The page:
Updated 8:47 AM EST, Fri, Mar 05, 2021

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Russia and China Claim to be Ahead of US in Developing Hypersonic Missiles

Fast and furious

Chinese hypersonic glide vehicle

Russia and China simultaneously claim they're both ahead of the United States in the development of hypersonic missiles despite the absence of convincing proof to back-up their claims made through their respective state-controlled media outlets.

The U.S., China and Russia are engaged in a deadly "hypersonic arms race" to develop operational hypersonic glide vehicles (HGVs) armed with either conventional high-explosive or nuclear warheads.

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HGVs travel at hypersonic speeds (or speeds from Mach 5 to Mach 10 or 6,200 km/h to 12,340 km/h) and these fantastic speeds make them virtually immune to interception by modern surface-to-air missiles and anti-ballistic missiles.

Russian scientists have now surpassed U.S. scientists in hypersonic speed advances, alleges Vasily Fomin, Director of the Russian Academy of Sciences' Siberian Branch, without offering proof to back-up this claim.

"The results are better than those of the U.S.," said Fomin.

On April 20, Deputy Prime Minister Dmitry Rogozin boasted Russia was developing hypersonic weapons at par with the United States.

Russia's Ministry of Defense a few years ago said it plans to deploy hypersonic missile and other advanced weapons by 2025 within the framework of the 2018-2025 State Armaments Program.

Russia, however, is still frantically searching for new materials to protect the hypersonic missiles from being destroyed by the superheated plasma cocoon created by their flight.

Russia has made hypersonic weapons a defense priority, especially with the opening of NATO's first defensive missile shield in Romania. When completed, NATO's missile defense system will extend from Greenland in the far north of Europe to the Azores Islands in the south. Another missile defense system will become operational in Poland by 2018.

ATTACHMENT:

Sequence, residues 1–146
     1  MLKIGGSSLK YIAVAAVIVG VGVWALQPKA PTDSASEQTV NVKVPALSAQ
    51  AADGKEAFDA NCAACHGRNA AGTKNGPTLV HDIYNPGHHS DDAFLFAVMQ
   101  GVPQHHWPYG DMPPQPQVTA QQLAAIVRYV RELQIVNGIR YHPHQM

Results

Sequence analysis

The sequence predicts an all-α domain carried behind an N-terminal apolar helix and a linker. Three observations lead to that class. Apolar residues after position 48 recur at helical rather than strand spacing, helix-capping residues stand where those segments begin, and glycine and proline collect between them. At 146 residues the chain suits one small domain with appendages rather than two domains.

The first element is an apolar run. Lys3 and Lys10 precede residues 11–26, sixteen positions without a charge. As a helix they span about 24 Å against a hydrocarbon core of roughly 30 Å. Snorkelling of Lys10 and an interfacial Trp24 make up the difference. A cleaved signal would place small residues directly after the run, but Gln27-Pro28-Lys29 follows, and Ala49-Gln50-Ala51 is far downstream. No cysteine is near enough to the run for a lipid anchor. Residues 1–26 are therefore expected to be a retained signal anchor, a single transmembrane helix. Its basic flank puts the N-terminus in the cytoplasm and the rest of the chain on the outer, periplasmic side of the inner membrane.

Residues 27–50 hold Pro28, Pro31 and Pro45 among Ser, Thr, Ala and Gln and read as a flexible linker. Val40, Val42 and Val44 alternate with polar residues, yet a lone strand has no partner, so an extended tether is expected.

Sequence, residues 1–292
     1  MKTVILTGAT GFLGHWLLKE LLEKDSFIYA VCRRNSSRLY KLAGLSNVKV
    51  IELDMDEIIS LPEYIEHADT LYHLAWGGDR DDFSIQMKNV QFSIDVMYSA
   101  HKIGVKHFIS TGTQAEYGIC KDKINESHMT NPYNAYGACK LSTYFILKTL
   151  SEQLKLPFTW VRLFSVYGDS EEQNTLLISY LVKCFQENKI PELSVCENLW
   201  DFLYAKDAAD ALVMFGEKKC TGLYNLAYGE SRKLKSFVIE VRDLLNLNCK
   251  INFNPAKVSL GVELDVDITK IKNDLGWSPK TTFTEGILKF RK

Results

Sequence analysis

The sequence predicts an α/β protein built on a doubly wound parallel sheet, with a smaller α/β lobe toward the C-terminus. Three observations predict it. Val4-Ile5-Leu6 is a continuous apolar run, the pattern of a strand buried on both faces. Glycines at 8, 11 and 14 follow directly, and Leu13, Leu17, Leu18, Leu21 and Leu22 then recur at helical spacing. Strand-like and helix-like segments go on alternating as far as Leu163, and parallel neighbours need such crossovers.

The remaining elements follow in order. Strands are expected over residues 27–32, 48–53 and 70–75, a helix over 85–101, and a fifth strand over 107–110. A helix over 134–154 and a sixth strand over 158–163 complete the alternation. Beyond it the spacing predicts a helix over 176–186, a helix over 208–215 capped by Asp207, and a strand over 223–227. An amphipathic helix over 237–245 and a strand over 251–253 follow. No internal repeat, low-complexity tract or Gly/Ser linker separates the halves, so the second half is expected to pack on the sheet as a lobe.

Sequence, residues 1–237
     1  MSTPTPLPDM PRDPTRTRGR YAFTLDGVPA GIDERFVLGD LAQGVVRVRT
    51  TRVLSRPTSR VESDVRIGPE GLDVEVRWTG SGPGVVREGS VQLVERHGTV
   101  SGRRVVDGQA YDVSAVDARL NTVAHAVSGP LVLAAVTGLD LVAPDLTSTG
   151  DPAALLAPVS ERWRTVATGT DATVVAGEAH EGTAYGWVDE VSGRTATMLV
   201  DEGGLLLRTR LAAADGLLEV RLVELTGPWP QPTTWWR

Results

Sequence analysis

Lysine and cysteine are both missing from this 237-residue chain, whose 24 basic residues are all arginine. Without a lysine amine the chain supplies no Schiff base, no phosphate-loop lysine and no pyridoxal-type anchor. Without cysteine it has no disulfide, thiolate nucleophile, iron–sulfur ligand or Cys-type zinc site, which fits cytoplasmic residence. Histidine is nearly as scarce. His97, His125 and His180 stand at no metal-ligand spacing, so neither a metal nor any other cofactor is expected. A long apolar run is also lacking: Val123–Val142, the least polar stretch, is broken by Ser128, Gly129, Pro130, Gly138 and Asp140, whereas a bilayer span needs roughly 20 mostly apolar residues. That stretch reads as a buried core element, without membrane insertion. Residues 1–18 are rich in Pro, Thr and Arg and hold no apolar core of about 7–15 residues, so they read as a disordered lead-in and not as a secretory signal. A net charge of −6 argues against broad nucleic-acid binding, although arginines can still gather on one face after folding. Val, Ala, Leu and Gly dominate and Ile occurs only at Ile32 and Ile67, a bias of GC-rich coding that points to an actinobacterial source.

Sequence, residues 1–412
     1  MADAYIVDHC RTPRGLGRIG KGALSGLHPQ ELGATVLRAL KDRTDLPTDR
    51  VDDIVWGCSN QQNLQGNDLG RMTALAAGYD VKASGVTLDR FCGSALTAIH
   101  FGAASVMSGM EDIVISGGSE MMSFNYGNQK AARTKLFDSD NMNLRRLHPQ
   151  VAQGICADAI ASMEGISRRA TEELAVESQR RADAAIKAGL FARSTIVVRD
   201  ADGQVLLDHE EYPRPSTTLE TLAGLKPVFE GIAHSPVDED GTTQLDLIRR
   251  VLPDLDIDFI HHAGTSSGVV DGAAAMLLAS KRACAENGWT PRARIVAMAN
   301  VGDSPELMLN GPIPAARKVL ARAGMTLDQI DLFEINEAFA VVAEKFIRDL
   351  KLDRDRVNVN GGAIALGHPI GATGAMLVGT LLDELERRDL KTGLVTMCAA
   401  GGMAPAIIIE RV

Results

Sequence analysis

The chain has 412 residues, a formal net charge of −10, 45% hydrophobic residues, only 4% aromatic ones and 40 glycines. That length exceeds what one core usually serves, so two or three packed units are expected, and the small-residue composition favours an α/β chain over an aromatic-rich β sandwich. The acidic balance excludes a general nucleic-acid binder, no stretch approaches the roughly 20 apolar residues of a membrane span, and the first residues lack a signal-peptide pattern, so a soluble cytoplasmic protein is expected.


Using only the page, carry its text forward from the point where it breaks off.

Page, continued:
Russian Deputy Defense Minister Yuri Borisov said Russia is searching for new materials to develop its hypersonic weapons.

"Coming next are hypersonic weapons, which require the use of principally new materials and control systems that operate in a completely different medium, in plasma," said Borisov.

Borisov's remarks seem to indicate Russia's hypersonic weapons development program has run into trouble after announcing in August 2016 that its Yu-74 HGV is ready for war. The new ICBM intended to carry Yu-74 won't be ready until 2020 at the earliest, however.

On the other hand, China's state-controlled media says Chinese scientists will test a prototype combined-cycle hypersonic engine later this year. If successful, the engine might be the first of its type in the world to power a hypersonic vehicle or the first stage of a two-stage-to-orbit spaceplane.

This announcement is at odds with news released last month that confirms Chinese scientists will be unable to deploy a hypersonic boost and glide missile by 2020 and hypersonic missiles propelled by scramjets by 2025.

Chinese state-owned media reported that China will test a prototype combined-cycle hypersonic engine -- one of the proposed propulsion systems for an HGV -- later this year. If successful, this test might lead to the first demonstration flight of a full-scale scramjet propulsion system by 2025.

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